Ohio’s fireworks law could change; records show seizures are spotty


COLUMBUS - Rep. Martin Sweeney calls it the “wild, wild west.” He’s referring to Ohio’s law regarding retail fireworks sales.

While most of the fireworks you can purchase from grocery stores in Ohio simply smoke, fizzle or pop, the 1.4g fireworks, which usually consist of bottle rockets, firecrackers or small mortar shells, can be sold at retail specialty stores in Ohio.

You’re just required to take them out of state within 48 hours.

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Sweeney contends that law is ignored and rarely enforced. And a 10 Investigates’ review of fireworks incident reports from the state fire marshal’s office show illegal fireworks seizures are rare and usually are the result of calls about injuries.

At least 40 fireworks-related incidents have been investigated by the state fire marshal’s office within since 2016, according to a 10 Investigates’ review of data. Of those closed incidents, a handful involved the seizure of illegal fireworks.

In other cases, by the time investigators arrived, evidence had been destroyed or witness didn’t always cooperate.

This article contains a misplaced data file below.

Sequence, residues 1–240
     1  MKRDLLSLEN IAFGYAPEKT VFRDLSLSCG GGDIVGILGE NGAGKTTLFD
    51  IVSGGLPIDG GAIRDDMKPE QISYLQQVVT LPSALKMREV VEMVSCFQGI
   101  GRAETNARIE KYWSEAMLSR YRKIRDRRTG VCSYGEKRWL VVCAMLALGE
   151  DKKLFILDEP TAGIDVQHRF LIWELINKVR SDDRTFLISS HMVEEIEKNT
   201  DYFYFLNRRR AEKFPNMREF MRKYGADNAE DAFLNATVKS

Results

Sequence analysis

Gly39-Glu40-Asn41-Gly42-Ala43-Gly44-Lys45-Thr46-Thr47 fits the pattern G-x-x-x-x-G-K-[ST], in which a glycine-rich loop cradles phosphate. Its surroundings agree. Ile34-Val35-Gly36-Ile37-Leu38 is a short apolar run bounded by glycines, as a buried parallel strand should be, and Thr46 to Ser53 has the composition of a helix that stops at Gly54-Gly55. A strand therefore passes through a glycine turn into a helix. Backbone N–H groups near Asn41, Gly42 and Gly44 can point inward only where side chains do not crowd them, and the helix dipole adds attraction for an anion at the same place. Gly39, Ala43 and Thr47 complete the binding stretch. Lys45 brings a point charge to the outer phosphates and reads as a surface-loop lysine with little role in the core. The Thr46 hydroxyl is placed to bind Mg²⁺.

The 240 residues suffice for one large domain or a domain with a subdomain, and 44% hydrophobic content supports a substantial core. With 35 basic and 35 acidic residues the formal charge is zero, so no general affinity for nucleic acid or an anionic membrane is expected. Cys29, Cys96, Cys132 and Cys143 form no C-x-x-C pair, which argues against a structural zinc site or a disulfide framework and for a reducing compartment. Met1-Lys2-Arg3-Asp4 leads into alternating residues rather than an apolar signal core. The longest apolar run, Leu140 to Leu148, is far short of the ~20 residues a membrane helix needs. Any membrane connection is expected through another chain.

"It's kind of like the Wild, Wild West, you can buy them, you can transport them but you can't set them off -- my question to everybody is ‘how do you think it's working?’ Everybody says it's not working at all,” Rep. Sweeney told 10 Investigates Tuesday.

Sweeney, along with other House lawmakers like Rep. Bill Sietz, have co-sponsored HB 226 that would change Ohio’s current fireworks law.

Sweeney’s bill would eliminate the provision that purchasers of consumer-grade fireworks must transport those fireworks out of state, it also allows local governments to restrict the dates and times that a person may ignite fireworks.

Geneva Bell was setting up her tent in Goodale Park Tuesday afternoon. She says she comes to watch the professional fireworks every year. But the past three nights she’s been treated to an amateur show in her neighborhood in west Columbus.

“I had to sleep on the couch last night because my dogs were scared (from the noise),” she said.

Bell said it’s clear that others are clearly ignoring Ohio’s current law, the precludes individuals from shooting off certain fireworks.

The bill has passed the House and still under consideration in the Senate.